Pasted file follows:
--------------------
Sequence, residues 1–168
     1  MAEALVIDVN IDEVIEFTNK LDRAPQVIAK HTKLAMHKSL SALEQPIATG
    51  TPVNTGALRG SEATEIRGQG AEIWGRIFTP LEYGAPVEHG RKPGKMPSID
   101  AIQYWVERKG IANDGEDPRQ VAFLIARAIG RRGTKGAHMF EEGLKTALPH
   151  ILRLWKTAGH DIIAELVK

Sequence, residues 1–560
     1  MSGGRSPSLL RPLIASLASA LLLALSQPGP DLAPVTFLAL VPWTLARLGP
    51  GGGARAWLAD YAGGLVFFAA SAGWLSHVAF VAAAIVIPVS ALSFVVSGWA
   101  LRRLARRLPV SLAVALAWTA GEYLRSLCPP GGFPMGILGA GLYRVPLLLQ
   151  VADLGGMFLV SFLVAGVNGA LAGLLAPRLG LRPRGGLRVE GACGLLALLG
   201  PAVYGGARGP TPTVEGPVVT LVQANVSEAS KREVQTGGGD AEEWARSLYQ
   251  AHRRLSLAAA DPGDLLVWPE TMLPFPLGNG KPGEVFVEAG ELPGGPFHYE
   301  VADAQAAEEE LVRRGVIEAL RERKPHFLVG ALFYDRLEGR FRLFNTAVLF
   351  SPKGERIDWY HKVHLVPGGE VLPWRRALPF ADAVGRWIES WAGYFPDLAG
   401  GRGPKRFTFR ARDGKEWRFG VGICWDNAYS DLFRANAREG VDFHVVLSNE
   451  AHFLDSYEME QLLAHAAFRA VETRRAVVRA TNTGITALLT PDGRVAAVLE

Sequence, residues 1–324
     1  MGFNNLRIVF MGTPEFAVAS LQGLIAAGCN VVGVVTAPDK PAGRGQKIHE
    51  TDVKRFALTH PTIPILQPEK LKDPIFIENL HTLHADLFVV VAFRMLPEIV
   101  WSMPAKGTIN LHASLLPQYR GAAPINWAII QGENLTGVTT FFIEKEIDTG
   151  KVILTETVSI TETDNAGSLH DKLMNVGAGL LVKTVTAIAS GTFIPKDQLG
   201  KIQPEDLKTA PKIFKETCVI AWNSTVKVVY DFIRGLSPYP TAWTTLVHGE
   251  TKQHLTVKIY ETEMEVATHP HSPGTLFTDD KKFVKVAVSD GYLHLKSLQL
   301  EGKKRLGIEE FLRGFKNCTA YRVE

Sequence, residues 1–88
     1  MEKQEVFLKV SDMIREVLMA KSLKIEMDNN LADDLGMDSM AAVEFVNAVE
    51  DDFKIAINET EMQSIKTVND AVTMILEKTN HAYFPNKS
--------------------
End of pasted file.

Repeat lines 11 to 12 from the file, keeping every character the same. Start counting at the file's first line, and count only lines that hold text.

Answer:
   201  PAVYGGARGP TPTVEGPVVT LVQANVSEAS KREVQTGGGD AEEWARSLYQ
   251  AHRRLSLAAA DPGDLLVWPE TMLPFPLGNG KPGEVFVEAG ELPGGPFHYE